Canadian October Building Permits Rise on Industrial Projects

Canadian building permits rose for a second month in October, with gains for industrial projects curbed by a drop in residential work.

The value of municipal permits increased 0.7 percent to C$7.53 billion ($6.59 billion), led mainly by intentions in British Columbia, Alberta and Saskatchewan, Statistics Canada said today. Economists forecast a 3.9 percent rise according to the median of five responses to a Bloomberg News survey.

Industrial projects such as buildings for utilities and manufacturers jumped 34.4 percent to C$614 million, leading a 2.4 percent rise in permits for non-residential construction to C$3.07 billion. Commercial projects including offices fell 8.1 percent to C$1.55 billion, while work on institutional buildings such as schools and hospitals rose 6.2 percent to C$909 million.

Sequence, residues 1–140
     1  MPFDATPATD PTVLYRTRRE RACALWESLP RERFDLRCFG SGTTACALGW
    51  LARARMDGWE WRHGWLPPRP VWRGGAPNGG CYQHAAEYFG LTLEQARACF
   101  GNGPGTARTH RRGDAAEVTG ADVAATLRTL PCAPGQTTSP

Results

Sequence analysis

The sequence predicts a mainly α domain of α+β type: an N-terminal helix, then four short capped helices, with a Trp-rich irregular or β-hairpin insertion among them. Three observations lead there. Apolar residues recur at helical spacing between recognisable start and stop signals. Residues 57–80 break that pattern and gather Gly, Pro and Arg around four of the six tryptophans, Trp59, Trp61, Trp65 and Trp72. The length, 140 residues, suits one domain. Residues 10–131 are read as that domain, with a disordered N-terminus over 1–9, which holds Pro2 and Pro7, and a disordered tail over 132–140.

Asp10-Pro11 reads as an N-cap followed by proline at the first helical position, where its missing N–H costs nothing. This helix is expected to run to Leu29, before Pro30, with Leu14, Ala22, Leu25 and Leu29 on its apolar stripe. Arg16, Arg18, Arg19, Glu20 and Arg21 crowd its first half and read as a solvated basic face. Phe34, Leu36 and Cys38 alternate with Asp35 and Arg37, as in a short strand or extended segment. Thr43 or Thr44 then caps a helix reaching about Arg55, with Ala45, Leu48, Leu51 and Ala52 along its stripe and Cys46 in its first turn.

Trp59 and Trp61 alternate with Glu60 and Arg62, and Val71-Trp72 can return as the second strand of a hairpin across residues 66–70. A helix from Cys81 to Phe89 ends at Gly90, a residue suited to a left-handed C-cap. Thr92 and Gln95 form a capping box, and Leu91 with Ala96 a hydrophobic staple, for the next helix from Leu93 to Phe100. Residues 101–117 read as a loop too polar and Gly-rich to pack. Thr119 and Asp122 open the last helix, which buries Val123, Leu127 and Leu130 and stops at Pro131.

Bank of Canada Governor Stephen Poloz says the economy needs to shift from debt-fueled consumer spending to exports and business investment. The central bank on Dec. 3 kept its key interest rate at 1 percent.

Residential permits fell 0.4 percent to C$4.46 billion in October, Statistics Canada said today. Single-family housing permits were unchanged at C$2.42 billion, while multiple-unit projects such as apartments and condominiums fell 0.9 percent to C$2.04 billion.

The value of permits rose 3.8 percent in October compared with the same month a year earlier.

September permits rose 12.5 percent from the prior month, compared with an initially reported 12.7 percent, the Ottawa-based agency said today.